Trail running has experienced a huge boom in popularity over the past couple of years and is one of the fastest growing outdoor activities worldwide. Locally one only has to look at the popularity of events like Spur’s Trail Series and the recently held African X to realise that South Africa has followed this worldwide trend and that the scene is definitely on the “up-and-up”.
Many runners (myself included) who come from a road running background are, however, completely overwhelmed by the sheer wealth of information out there when one starts doing some research. Not only are there bucket loads of information available, but quite often a lot of it is completely contradicting and therefore very confusing. The following guidelines should clear up some of the most FAQs and might help you get onto the trail a little quicker:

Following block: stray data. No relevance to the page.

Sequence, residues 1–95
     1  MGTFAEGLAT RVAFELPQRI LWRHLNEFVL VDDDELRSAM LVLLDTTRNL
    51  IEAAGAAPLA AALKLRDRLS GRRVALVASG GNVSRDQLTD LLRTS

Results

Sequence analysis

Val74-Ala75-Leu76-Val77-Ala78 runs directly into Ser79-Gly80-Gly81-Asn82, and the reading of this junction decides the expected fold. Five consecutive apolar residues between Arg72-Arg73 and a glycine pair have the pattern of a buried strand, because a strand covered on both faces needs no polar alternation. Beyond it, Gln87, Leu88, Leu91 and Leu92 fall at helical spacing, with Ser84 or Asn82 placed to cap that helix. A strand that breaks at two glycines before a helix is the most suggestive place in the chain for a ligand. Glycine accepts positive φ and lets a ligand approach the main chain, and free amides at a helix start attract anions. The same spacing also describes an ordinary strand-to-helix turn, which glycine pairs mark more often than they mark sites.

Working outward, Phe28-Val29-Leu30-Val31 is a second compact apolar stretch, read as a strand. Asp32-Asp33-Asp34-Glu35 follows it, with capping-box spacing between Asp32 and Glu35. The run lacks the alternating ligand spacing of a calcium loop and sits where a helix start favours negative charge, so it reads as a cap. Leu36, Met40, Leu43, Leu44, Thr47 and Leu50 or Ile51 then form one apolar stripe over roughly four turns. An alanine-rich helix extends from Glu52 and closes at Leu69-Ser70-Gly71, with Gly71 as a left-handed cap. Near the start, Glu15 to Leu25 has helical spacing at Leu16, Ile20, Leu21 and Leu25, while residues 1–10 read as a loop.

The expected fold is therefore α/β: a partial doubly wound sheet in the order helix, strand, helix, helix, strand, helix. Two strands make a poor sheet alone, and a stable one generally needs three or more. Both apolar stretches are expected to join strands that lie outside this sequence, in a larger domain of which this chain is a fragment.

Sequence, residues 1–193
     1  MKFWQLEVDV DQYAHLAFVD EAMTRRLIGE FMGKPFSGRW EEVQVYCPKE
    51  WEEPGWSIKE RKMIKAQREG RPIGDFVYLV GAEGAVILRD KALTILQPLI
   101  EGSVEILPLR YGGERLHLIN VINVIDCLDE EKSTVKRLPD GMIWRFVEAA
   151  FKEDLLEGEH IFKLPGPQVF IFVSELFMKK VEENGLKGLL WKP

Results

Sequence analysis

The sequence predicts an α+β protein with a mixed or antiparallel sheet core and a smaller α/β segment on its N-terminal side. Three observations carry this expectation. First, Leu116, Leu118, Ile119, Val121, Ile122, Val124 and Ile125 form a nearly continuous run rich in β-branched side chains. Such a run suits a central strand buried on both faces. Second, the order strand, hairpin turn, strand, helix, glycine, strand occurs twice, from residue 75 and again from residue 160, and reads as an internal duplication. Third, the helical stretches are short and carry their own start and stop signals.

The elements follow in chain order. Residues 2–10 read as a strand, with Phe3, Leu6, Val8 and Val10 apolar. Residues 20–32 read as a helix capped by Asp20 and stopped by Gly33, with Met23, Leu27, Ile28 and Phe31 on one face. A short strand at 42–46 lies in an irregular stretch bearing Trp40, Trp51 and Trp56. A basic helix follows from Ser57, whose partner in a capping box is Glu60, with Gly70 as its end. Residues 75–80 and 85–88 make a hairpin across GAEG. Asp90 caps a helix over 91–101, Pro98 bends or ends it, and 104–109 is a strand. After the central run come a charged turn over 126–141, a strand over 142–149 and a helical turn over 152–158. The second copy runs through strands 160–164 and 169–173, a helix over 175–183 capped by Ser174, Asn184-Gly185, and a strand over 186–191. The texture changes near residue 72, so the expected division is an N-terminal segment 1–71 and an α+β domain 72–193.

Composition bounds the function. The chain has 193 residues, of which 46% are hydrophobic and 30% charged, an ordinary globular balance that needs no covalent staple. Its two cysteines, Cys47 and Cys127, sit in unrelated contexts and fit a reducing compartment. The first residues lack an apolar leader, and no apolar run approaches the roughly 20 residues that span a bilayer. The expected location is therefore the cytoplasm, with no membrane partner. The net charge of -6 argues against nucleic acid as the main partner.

So. Much. Gear.
One of the first things you will notice when you start delving into trail running sites and blogs is that there is a lot of different gear on offer. Between the latest hydration pack, the newest GPS watch or the funky looking shoes it is very easy to get overwhelmed before you even set foot on a trail. Where a typical road runner’s kit collection will consist of one or maybe two pairs of shoes and some technical apparel, the amount of trail gear out there is unbelievable. That being said, you don’t need much more than a decent pair of trail-specific shoes to start out with and the rest being added as and when needed. Speaking of…